A gem of a meteor shower
One of the finest meteor showers of 2010, the Geminids should put on a rousing show the night of December 13/14.
December 7, 2010
The Geminid meteor shower peaks before dawn December 14. Observers with dark skies may see 100 meteors per hour or more. Illustration by Astronomy: Roen Kelly
Enjoying a meteor shower requires only comfort and patience. Senior Editor Michael E. Bakich gives tips on spending a night under "shooting stars" in this video. Click on the image to go to the video.
One of the most prolific annual meteor showers makes its appearance in mid-December. The Geminid shower peaks the night of December 13/14. Although many people consider it to be a poor cousin to August’s Perseid shower, the Geminids often put on a better show. This year, observers can expect to see upward of 100 “shooting stars” per hour — an average of nearly two per minute — under a dark sky.
“Conditions should be wonderful for the Geminids this year,” says Astronomy magazine senior editor Michael Bakich. “The First Quarter Moon sets around midnight local time, leaving the prime viewing hours after midnight free from any unwanted natural lighting.” The only potential drawback is cloud cover, which, unfortunately, tends to be fairly common this time of year. Rates for this shower remain decent a day on either side of the peak, so target the morning of December 13 or 15 if the weather looks bad on the 14th.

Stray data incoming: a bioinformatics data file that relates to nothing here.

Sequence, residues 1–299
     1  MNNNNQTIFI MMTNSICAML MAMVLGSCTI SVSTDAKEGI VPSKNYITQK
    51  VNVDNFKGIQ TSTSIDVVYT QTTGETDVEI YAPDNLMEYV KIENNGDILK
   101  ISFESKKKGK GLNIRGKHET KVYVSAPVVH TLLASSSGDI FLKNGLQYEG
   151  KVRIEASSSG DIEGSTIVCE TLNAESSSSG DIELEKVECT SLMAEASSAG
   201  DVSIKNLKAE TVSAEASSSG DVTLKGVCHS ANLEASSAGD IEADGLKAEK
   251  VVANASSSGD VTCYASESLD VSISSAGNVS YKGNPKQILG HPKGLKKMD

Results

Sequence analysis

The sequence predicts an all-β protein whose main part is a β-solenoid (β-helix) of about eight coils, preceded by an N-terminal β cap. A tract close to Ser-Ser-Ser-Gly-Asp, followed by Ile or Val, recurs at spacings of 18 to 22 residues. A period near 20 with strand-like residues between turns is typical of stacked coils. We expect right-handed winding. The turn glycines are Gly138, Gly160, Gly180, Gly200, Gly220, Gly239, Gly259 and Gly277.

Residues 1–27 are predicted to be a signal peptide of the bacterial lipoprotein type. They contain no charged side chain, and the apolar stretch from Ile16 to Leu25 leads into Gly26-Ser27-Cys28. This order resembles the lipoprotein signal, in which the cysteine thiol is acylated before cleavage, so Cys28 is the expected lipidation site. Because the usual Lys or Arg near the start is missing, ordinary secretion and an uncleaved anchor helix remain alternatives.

Any stray light in the sky tends to drown out fainter meteors, so find an observing site far from the lights of the city. A large field is ideal because you then can let your eyes roam across the whole sky. December nights tend to be cold, however, so bundle up in layers. Reclining in a lawn chair is a great way to take in a lot of the sky at once, but be sure to get up and walk around occasionally. It also helps to drink some hot coffee or tea.
The Geminids begin as tiny specks of dust that hit Earth’s atmosphere at 78,000 mph (126,000 km/h), vaporizing from friction with the air and leaving behind the streaks of light we call meteors. The meteors appear to radiate from the constellation Gemini the Twins (hence their name), near the bright stars Castor and Pollux. This spot, called the radiant, remains visible all night and passes nearly overhead around 2 a.m. local time. Although the meteors seem to originate in Gemini, they can appear anywhere in the sky and actually leave longer trails the farther they are from the radiant.
- The dust particles that create the Geminids don’t originate in a comet, as those in most meteor showers do. Studies of Geminid meteors show these particles coincide with the orbit of an asteroid called Phaethon. Perhaps this object was once a comet that passed through the inner solar system so many times that it lost all of its ices, leaving behind a rocky object that only appears to be an asteroid.
- Although 78,000 mph may seem fast, Geminid meteors are slower than those in most other annual showers. The speed champions are the Leonids of November, which hit our atmosphere at 159,000 mph (256,000 km/h).